Photos and Review by Oyster.com Investigators
Main Street Station molds itself into an archetype of the old American West, incorporating Victorian-era railcars and a collection of 20th-century antiques throughout the hotel, such as a snooker table once owned by Winston Churchill and a large chunk of the Berlin Wall in the men's room (where they've mounted urinals). On the exterior, old-style signs with Western lettering advertise the exciting but not-so-authentic "20x Crap Odds." The lobby, casino, and buffet boast vaulted ceilings, huge gold chandeliers, stained-glass windows, and antique slot machines.
But there's no pool, no fine dining, no fitness center -- nothing that one might expect of a typical Vegas hotel. Beyond the cultural artifacts and inexpensive breakfast buffet, there's not much draw to the hotel. Still, most guests -- largely seniors, long-married couples, and Pacific islanders (a result of the Vacations - Hawaii travel desk in the lobby) -- are plenty satisfied by the clean rooms and no-frills casino.
Two blocks (a five-minute walk) north of Fremont Street, Downtown's main drag. On the plus side, it's more sheltered from outside noise.
Located in the smaller, older, and more pedestrian-friendly Downtown Vegas, Main Street Station is slightly removed from the area's main attraction, the Fremont Street Experience, a nightly light and music show. This isn't necessarily a bad thing: The rooms are generally quieter, and you're still within close walking distance of the Golden Nugget, whose casino and restaurants are the nicest in Downtown.
It's about a 20-minute, $25 cab ride to McCarran International Airport from Main Street Station.
Average size, plain design -- Still, it's an OK room for the price.
Unlike the more over-the-top Vegas-style theme decorations at many hotels, the rooms at Main Street are a bit more sedate -- mostly muted greens and browns. Aside from the occasional marking on the wall, the rooms are generally well maintained and the furnishings are free of significant wear.
No on-site pool, no fitness center; the only real draw is free Wi-Fi in the lobby.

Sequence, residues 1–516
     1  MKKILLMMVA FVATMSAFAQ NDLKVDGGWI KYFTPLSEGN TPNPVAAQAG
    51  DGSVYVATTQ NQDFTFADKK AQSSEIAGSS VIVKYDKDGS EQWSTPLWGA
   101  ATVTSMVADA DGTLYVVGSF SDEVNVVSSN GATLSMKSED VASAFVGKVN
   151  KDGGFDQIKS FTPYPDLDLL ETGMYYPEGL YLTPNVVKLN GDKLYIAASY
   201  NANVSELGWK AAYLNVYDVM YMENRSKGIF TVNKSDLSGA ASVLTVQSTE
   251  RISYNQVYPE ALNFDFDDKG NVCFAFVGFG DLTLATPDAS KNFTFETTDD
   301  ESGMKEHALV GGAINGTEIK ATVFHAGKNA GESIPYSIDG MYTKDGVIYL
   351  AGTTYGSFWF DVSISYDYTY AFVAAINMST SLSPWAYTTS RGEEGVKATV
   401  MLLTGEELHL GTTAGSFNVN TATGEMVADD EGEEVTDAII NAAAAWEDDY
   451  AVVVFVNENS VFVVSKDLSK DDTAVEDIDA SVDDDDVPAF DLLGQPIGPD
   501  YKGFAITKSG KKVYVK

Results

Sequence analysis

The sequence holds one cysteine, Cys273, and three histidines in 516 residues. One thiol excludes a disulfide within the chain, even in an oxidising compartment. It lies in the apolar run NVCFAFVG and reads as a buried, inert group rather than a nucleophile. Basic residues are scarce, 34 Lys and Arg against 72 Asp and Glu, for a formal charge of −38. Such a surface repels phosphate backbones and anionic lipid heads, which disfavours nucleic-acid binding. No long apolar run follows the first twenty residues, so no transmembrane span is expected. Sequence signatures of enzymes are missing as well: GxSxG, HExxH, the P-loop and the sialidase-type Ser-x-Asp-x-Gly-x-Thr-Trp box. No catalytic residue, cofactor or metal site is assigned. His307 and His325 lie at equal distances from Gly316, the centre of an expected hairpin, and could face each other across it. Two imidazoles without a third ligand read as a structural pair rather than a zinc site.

No sports book or poker tables, the Main Street casino's main draws are its 20 times craps odds and ample video poker and slot machines.
Though smaller than most casinos on the Strip, the 28,000-square-foot Main Street casino still comes with 800 video poker and slot machines, plus the standard table games. There's no sports book and no poker room, but the casino does advertize better odds on the craps tables.
Nothing much for kids -- no pool; no real entertainment.
The hotel supplies cribs and rollaway beds at no additional charge, but there's no pool on site. Children won't find much to occupy them on the property beyond some displays of old-time slot machines in the lobby. In fact, for some guests, the near absence of children is the hotel's best asset.
Aside from a few markings on the walls in my room, I found nothing to complain about regarding cleanliness at Main Street Station.
Several blocks from the lights and sounds of Downtown Vegas, the 406-room Main Street Station offers a quiet, Old West-inspired atmosphere. A cheap buffet and a casino with 20 times odds in craps and 800 video poker and slot machines attracts an older clientele. But rooms are basic, and there's no pool, fitness center, or fine dining.
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